Sunderland captain on the club’s relegation and the lessons that must be learned

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Sunderland captain John O’Shea says the club must learn lessons from its second relegation in as many years and move quickly in the transfer market.

O’Shea was named as the Sunderland Supporters’ Association player of the year last night, having again been the mainstay of the club’s defence this season.

Sunderland captain John O'Shea.

Sunderland captain John O'Shea.

The 36-year-old has featured 38 times in all competitions across the current campaign, with his fellow defenders suffering from poor form and injuries.

O’Shea has echoed manager Chris Coleman’s comments that Sunderland need a more robust squad in the coming years, with more players at a peak age.

He said: “I think it is a sign maybe of the club’s shortcomings [playing so many games as a veteran].

“What’s needed in the Championship, the power and durability that teams who are successful have.

“Ultimately, they have that core, whether it be eight or nine playing pretty much every week, mid to late 20s, banging out 7/8 out of 10 performances every week.

“You see that in every team that wins promotion, really.

“The injuries have hurt us. You look at the players like Paddy [McNair], who has come back and made a real difference.

“It shows what we need going forward and it has to happen quickly, to be honest.

“How many times have we left it late in the transfer window?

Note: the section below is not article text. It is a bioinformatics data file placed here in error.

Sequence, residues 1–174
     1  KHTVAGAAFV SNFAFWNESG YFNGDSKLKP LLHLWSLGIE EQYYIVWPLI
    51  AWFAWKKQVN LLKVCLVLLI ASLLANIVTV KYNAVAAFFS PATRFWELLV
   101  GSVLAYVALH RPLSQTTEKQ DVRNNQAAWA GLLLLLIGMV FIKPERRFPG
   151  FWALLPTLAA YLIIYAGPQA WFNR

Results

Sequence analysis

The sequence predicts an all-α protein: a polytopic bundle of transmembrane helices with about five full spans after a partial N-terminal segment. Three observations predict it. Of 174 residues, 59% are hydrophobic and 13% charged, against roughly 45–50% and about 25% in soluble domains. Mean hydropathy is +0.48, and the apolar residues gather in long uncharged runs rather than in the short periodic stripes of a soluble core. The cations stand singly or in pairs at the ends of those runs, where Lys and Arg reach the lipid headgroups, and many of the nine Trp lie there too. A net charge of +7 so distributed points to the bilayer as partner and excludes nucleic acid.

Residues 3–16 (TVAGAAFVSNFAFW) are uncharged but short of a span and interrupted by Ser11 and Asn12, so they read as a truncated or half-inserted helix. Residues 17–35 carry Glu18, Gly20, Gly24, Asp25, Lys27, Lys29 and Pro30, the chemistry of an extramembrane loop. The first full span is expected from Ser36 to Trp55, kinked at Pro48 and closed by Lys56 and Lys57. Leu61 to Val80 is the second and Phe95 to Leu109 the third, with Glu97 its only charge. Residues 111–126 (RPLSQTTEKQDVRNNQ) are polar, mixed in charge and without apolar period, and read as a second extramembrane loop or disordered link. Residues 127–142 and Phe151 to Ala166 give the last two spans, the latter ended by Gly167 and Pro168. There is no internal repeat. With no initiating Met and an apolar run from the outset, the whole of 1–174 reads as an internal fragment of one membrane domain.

“We need to do things quickly, which we probably said at the end of last season.”

O’Shea admits that the squad has under performed this season and that fans have every right to vent their frustrations.

The Irishman hopes that the club can regroup and bounce back from League One, as the likes of Southampton, Leicester, Wolves and now Blackburn Rovers have done.

He admitted: “It’s a horrible feeling.

“It’s one of those things, what do you keep saying? Something has to stop. Back-to-back relegations, it’s not something I ever thought would happen at the start of the season.

“You looked at it as a chance to bounce back or to come close to bouncing back, but you end up dropping down another league.

“Especially the way the game against Burton went, 1-0 with five minutes to go or whatever it was, then it goes like that, it makes it all the more painful.

“Too many draws in games where we have played better is what has cost us ultimately, not being able to see a game out. I think we’ve had more draws than anyone else in the league.

“It’s everybody [responsible] but we’re the people who go out on the pitch, and like in any sport if the results are not going well it’s not going to be a pleasant atmosphere. The fans are more than right to vent their anger.

“We’ve shown in glimpses that we can put in decent performances against decent teams, but not often enough, unfortunately.

“Some of the results we’ve had against the better teams suggests we’ve underperformed – it is that consistency that we’ve been lacking.

“There are big clubs who have regrouped [in League One], been backed and, with us, the loyalty of the fans will still be there.

“When I signed on for this season, I hoped we’d get that momentum swinging back, but we couldn’t get it going.”

O’Shea himself faces an uncertain future with his Sunderland contract expiring. He intends to move into coaching at some stage, but firmly and publicly rejected claims earlier in the season that he would retire.

His future could lie away from Wearside, but for now he says he will ‘let the dust settle’ and finish the season ‘properly and professionally’.

* Swedish prospect Joel Asoro won the Sunderland Supporters Association’s Young Player of the Year award following his breakthrough campaign.